What I would most want to see is a realistic national electric Rapid Freight Rail map from the Department of Defense.

Until the makings of a Rapid Passenger Rail system is in place, there is no useful purpose served by a national Express HSR system map: the freestanding Express HSR systems define themselves, and rewarding the states that have those natural corridors when they put together a reasonable system seems far more promising than top-down imposition of a system map. At this point, it would be seriously underinformed by experience and so over-informed by the inside the beltway version of theory, which is normally driven more by the tug of war between bureaucratic office politics and K-street interest group politics than by any planning logic.

The driving interest in electrification of freight rail is the national interest of an oil-addicted economy in the face of Peak Oil. We have only a limited number of policies that can cut our crude oil imports by 10% in the next decade, and ought to be pursuing each of them.

Setting up the system so that the freight railroads have an interest in making use of it is, of course, straightforward.

Total US freight rail oil consumption amounts to 2.5% that of passenger cars. Given the factor-of-10 difference in oil use between rail and trucking, the priority for freight transportation should be to move ton-miles away from roads. Reducing freight trains’ energy use is a low priority.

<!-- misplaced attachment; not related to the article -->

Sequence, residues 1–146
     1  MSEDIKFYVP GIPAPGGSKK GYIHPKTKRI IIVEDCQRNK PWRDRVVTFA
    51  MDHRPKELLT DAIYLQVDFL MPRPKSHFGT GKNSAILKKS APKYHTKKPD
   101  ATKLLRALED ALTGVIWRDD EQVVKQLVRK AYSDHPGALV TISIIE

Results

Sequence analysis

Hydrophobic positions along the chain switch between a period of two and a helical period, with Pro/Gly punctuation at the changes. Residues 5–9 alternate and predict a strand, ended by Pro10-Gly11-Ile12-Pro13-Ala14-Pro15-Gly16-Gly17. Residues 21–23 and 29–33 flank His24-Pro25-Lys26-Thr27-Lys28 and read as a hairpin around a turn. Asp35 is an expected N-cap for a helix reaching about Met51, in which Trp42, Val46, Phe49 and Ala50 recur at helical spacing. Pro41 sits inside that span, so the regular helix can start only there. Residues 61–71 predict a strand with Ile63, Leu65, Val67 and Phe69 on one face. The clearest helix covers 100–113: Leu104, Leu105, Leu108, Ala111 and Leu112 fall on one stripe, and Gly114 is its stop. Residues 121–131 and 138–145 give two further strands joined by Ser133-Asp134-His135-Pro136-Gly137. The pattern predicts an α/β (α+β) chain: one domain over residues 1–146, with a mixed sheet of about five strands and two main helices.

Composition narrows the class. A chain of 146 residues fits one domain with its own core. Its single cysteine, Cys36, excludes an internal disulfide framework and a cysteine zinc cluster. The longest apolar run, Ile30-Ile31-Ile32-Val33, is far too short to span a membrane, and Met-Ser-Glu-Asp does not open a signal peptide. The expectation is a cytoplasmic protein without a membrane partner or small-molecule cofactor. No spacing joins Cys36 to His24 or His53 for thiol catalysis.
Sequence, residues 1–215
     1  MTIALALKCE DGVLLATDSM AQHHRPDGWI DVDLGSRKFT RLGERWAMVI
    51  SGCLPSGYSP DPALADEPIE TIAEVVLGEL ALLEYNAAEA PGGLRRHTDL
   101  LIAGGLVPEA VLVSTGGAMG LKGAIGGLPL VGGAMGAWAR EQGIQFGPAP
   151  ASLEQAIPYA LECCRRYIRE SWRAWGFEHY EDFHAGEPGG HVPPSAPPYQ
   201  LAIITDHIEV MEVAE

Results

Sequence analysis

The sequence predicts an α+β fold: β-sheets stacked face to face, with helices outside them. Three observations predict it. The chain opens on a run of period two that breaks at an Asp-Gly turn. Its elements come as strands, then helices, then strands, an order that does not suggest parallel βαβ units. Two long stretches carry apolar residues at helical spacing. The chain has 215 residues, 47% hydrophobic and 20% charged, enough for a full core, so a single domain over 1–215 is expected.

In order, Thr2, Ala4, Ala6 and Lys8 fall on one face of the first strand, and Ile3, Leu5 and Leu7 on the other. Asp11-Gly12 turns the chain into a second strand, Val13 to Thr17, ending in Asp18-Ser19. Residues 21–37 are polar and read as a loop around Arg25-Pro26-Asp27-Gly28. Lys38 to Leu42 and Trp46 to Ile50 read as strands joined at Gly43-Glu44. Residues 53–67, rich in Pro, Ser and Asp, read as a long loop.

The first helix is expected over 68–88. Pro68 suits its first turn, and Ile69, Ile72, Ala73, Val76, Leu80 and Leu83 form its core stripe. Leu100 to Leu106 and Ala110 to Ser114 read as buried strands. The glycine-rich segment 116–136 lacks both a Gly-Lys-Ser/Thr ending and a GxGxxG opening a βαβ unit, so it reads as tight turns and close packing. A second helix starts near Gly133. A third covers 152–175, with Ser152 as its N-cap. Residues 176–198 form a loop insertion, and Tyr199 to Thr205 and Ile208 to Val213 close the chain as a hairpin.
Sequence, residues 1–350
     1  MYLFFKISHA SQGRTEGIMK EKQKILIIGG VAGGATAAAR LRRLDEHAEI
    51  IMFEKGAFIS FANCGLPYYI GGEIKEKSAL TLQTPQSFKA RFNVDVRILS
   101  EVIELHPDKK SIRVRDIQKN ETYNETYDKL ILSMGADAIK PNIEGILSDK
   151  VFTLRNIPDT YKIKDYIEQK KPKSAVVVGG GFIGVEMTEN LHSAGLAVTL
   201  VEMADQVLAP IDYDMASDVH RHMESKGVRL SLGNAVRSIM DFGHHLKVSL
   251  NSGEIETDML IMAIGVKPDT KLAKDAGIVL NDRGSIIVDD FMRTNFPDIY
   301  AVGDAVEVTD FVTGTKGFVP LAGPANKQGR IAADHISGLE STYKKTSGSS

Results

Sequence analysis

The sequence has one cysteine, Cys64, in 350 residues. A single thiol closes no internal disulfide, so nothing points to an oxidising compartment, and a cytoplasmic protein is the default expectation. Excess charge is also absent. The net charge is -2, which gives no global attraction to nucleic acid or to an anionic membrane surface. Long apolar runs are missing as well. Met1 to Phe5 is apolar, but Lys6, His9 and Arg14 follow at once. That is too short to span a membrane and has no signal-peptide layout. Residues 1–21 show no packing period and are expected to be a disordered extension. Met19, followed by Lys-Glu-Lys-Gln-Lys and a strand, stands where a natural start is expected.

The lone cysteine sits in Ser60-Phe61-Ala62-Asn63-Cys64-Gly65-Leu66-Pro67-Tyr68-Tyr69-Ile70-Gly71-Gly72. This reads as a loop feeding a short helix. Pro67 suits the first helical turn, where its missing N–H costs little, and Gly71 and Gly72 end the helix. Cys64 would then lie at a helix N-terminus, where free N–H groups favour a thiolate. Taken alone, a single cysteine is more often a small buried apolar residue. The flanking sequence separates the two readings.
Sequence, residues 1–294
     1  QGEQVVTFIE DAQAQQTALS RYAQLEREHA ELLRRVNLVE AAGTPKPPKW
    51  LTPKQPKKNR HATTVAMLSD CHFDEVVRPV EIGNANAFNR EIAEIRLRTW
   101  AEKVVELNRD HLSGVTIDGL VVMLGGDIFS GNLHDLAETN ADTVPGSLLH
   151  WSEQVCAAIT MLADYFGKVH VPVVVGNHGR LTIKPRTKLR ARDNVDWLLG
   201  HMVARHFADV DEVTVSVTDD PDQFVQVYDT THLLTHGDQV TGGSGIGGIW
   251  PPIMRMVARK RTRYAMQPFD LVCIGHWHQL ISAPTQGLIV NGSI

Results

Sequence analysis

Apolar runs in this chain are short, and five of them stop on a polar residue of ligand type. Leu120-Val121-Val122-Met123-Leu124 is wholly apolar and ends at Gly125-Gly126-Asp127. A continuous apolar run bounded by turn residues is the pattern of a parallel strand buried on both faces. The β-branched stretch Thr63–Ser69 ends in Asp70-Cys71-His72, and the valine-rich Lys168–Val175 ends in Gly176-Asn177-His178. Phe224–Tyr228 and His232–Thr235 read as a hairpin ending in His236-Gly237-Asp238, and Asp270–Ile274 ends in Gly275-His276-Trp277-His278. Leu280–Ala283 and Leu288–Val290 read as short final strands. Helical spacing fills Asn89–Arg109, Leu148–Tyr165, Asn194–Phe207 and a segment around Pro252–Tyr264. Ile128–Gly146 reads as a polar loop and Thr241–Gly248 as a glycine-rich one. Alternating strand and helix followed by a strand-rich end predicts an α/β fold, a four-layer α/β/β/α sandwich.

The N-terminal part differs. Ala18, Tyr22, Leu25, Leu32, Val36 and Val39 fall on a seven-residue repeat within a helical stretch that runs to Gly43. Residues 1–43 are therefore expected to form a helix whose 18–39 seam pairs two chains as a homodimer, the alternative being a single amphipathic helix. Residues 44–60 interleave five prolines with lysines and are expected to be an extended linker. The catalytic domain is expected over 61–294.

On top of this, since a large majority of US road oil use is for passenger transportation, the priority for energy independence spending should be reducing car use, not truck use.

As oil and fuel prices increase, the economic benefits of rail transportation will become greater, for both freight and passengers. At some point, electrification of freight railroads will make sense to the bottom line. It’s simply a matter of balancing operating costs against capital costs. The question is, what fuel price would induce the railroads to invest in the infrastructure?

Also, publicly supported electrification as on the Caltrain or Keystone corridors might encourage the freight railroads to expand the electric territories.

On some busy lines, it already is, in principle, beneficial to electrify – for example, the Southern Transcon. But railroads are loathe to electrify just part of their networks, because of compatibility issues.

Nationwide electrification would save about 3 cents in gas costs per year per dollar spent. If the cost savings of electric operation are high enough, then with reasonable increases in the price of oil it could beat the discount rate.

Alon, the *national* interest does not prioritize electrification of freight rail.

The interest of the *freight haulers*, however, does — if they can run trains more cheaply with electrification than without, it means profit.

This is traditionally prevented by *short-term thinking* due to the upfront cost involved in electrification.

BNSF, however, now has a long-term-thinking owner, and already did a major electrification study. They released the fact that it made no sense to do less than a near-total electrification, and they released the decision that electrification was not commercially beneficial “at current oil prices”.

Which implies that they now have a target oil price at which they will seek to electrify their network.

Great piece Yonah, your site is the first I look at daily. Just wanted to highlight this